15. I was on of the few under 25s present at Opening Night and I have to say this year I was a wee bit disappointed. I have been attending Opening Night since I was 16 missing only the 2010 Service due to a prior engagement (7 Opening Nights in all).

    There were a few items which I have to say I really did miss, the most notable being the memorial roll which I felt was a suitable and fitting tribute to the Ministers of our Church who spent their lives in the service of God and the Presbyterian Church in Ireland.

    I also missed the processions of the former Moderators in and out with the New Moderator and an appropriate processional (“I was glad” feeling) hymn at that point. It certainlty added to the dignity and ceremonial side of the evening when it happened and I think our Church is sometimes too quick with dispensing with “formailty” to please the perceived opinion of the youth.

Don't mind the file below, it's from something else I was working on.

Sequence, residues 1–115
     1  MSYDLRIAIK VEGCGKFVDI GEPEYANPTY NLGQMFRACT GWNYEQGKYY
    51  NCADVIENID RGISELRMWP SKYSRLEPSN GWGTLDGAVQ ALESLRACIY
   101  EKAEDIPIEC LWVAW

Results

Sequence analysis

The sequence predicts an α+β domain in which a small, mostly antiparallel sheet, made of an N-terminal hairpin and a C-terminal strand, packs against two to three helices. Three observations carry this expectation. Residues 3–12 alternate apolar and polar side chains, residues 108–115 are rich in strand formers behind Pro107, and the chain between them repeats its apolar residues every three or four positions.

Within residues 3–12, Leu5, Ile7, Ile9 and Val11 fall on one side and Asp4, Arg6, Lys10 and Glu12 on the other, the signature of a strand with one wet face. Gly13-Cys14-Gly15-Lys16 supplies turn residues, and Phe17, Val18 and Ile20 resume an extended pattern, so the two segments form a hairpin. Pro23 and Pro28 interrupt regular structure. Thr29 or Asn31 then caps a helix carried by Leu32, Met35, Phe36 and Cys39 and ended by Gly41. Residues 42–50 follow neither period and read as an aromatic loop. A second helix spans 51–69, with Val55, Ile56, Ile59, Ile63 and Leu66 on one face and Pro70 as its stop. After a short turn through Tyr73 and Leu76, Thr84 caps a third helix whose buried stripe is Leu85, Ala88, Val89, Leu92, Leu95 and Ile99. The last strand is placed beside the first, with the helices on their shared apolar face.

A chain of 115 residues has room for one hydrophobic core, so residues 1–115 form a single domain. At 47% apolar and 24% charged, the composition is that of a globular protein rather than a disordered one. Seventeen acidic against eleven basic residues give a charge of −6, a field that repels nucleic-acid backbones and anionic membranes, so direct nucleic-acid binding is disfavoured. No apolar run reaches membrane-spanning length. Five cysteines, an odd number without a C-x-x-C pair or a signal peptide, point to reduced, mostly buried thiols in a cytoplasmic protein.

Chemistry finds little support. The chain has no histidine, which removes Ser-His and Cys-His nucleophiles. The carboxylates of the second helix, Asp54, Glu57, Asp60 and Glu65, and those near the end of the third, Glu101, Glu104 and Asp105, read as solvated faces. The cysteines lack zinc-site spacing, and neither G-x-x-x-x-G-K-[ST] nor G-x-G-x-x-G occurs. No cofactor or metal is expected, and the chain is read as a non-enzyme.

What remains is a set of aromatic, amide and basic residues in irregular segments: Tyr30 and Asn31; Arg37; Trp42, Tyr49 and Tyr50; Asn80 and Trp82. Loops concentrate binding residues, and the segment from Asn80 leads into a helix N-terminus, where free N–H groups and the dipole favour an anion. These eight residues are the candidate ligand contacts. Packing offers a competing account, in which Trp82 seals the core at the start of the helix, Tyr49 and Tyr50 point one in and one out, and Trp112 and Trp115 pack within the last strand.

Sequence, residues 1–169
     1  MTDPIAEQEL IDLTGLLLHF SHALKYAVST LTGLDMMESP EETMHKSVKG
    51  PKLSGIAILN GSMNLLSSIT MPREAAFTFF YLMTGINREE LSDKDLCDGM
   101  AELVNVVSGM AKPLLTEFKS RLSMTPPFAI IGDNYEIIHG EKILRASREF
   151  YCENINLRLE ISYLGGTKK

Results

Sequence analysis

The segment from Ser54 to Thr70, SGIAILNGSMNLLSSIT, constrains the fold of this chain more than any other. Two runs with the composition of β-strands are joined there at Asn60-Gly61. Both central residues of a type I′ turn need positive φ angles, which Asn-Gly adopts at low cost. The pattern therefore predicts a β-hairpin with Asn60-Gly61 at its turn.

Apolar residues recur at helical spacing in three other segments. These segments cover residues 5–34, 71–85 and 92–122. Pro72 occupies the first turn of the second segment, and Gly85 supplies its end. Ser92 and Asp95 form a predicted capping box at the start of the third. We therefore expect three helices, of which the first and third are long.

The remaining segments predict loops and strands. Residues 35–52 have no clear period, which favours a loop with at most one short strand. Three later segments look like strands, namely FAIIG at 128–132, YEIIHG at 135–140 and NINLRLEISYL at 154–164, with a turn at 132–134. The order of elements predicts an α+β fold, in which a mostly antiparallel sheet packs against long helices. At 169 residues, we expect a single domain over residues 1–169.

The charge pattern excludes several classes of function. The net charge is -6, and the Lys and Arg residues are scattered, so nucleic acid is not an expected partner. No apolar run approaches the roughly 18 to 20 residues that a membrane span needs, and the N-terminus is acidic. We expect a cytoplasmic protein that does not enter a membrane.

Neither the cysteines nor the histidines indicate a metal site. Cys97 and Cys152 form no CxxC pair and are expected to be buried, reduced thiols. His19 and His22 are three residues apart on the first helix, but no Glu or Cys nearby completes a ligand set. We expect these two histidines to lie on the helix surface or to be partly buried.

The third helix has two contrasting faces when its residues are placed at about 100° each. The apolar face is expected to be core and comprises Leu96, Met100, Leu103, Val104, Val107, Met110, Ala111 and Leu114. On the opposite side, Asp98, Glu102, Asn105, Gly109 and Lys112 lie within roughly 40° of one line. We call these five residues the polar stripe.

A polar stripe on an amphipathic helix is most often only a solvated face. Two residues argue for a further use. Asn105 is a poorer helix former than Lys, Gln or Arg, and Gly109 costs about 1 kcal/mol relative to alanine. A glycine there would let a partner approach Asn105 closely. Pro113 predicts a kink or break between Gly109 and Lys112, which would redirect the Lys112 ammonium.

I think overall the service was quite long. The 100th Psalm was a rousing start to the evening though by the benediction the Psalm set to the Old Hundreth Tune really did die a death due to the odd tempo of such a well known tune. Also on a musical note it is better to have hymn we all know and can sing so as everyone is singing of the same hymn sheet.

    The DVD saga a good example of the flaws of depending on technology and I am sure the BBC listeners wondered what was going on.

    I think Mr. Hamilton spoke well but that it is the case that Opening Night is really a chance to get the measure of our new Moderator.

    I hope that come next year the Service will be back in a recognisable form and that we can again enjoy the Opening Night we are all used to.